India also missed a creative spark in the midfield and forward line against a team that packs the defence and looks to capitalise on counter-attack — something New Zealand is also expected to do.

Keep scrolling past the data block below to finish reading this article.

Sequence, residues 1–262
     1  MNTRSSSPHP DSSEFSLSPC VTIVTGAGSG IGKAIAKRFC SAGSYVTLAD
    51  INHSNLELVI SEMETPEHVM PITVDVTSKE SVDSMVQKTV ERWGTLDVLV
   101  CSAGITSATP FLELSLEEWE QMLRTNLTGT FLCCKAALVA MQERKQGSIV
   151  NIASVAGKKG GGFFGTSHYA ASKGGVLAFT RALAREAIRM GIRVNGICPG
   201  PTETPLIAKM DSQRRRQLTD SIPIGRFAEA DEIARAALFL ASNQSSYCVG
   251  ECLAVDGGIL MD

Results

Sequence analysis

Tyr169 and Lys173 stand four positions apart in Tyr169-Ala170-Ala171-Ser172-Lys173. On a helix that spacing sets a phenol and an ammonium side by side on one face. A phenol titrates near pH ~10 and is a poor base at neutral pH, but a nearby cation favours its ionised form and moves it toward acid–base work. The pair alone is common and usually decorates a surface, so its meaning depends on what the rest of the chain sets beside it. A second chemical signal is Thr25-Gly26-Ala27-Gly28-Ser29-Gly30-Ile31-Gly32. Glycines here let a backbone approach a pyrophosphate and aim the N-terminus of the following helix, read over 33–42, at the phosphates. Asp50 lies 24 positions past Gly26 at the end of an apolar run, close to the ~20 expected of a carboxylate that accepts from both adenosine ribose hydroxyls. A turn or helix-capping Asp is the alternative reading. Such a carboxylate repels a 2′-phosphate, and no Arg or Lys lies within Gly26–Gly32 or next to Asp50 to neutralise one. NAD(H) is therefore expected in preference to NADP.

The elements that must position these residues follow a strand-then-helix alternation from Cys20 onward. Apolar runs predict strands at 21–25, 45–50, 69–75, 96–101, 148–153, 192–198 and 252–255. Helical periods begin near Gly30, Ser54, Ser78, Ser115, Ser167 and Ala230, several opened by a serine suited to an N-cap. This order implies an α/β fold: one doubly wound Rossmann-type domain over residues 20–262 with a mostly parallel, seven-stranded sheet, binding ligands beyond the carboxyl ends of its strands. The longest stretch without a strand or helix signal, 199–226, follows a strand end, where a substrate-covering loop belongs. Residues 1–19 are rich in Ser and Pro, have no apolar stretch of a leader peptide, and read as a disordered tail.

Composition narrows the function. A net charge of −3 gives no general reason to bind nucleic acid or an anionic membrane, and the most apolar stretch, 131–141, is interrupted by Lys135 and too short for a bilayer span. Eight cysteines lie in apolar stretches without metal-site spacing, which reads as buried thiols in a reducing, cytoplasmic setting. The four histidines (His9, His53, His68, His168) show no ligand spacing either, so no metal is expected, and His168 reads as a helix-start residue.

Bhubaneswar: Having finished second in their group, India take on New Zealand in a must-win Crossover stage match in the FIH Odisha Hockey Men’s World Cup here on Sunday with a place in the quarterfinals on the line. India had started their campaign with a 2-0 win against Spain, held fifth-ranked England to a draw and managed to prevail 4-2 over minnows Wales to finish unbeaten in Pool D, tied on seven points with England but with an inferior goal difference. New Zealand, on the other hand, finished third in Pool C after suffering a shock 2-3 defeat against Malaysia. The Black Sticks had also lost 0-4 to the Netherlands, managing to score only five goals and conceding eight — their lone win coming against Chile. India too have struggled to score goals and have a tally of six goals from three matches. They have also conceded two goals against Wales in two minutes of sustained pressure that saw the Indian defence crumble. Though the Indian team finished undefeated in Pool D, their performance has not been as good as they would have liked. For years, the defense has been India’s Achilles heel but they have managed to make up for that with aggressive, attacking hockey. In this World Cup, the Indians seemed to have forgotten their scoring touch in Bengaluru, where they had their first camp for the World Cup. The Indians have entered the shooting circle on 76 occasions, but have managed to have only 37 shots at the goal and of which managed to score only six goals. They have earned 16 penalty corners but scored only three goals. Defensively, the Indians have done well, pulling off 56 blocks in three matches, and only 26 tackles which put them in the lower part of the list. They managed to effect 40 interceptions and had made 829 passes in the three matches. They have to iron out a few of these issues against New Zealand as they meet in the Crossover encounter. But they will have to do that without key midfielder Hardik Singh, who had to withdraw from the tournament because of a hamstring injury he suffered towards the end of the match against England. Hardik was the fulcrum of the midfield and the best player in the team as India put up a superb defensive display, shutting out the English. Hardik was all over the midfield, acting as the perfect link between the forwards and defenders. His absence was felt in the match against Wales as the forwards did get the right supply of passes as they went on the attack. Chief coach Graham Reid, however, said Hardik’s absence was not the reason for the poor performance against Wales and therefore will not be felt in the match “We have played the Olympics with 16 players so I would not say that was the reason (for today’s poor performance),” the 64-year-old coach had said. He said with Hardik in the lineup, his forwards would have enjoyed better supply. The Indian forwards were also guilty of overcrowding in the final third, thus many times running into each other, an issue pointed out by chief coach Graham Reid after the match against Wales. India also missed a creative spark in the midfield and forward line against a team that packs the defence and looks to capitalise on counter-attack — something New Zealand is also expected to do. “If you see the England-Wales game, they did not score till the second quarter. It’s quite common against a team that plays like they do to have the first quarter bumping head against the defensive wall and trying to find a way through. I thought we still created a lot of opportunities tonight but unfortunately, we did not execute the way we should. That is the disappointing part,” said Reid in the post-match press conference after the India-Wales match. Talking about the match against New Zealand, Reid said it is going to be very tough as New Zealand is expected to come out very energised as they have nothing to lose. “The crossover game against New Zealand is going to be tough. We played them here in the Pro League and our first game against them was very tough, the second game was a bit easier but I am telling you they will come out just like Wales, energised. Looking forward to that match,” said Reid, who had guided India to a bronze medal in the Tokyo Olympics in 2021. New Zealand, on the other hand, will depend on their ability to defend strongly and counter-attack swiftly against a side that will enjoy wholesome support from the capacity crowd that is expected to fill the Kalinga Stadium to the rafters. They will also have to guard against late goals as they conceded against Malaysia. The Indians only tend to lose shape and focus in the middle part of the game and also in the final minutes. New Zealand will be hoping to capitalise on it. If they manage to do so, hockey fans will be treated to a thrilling encounter.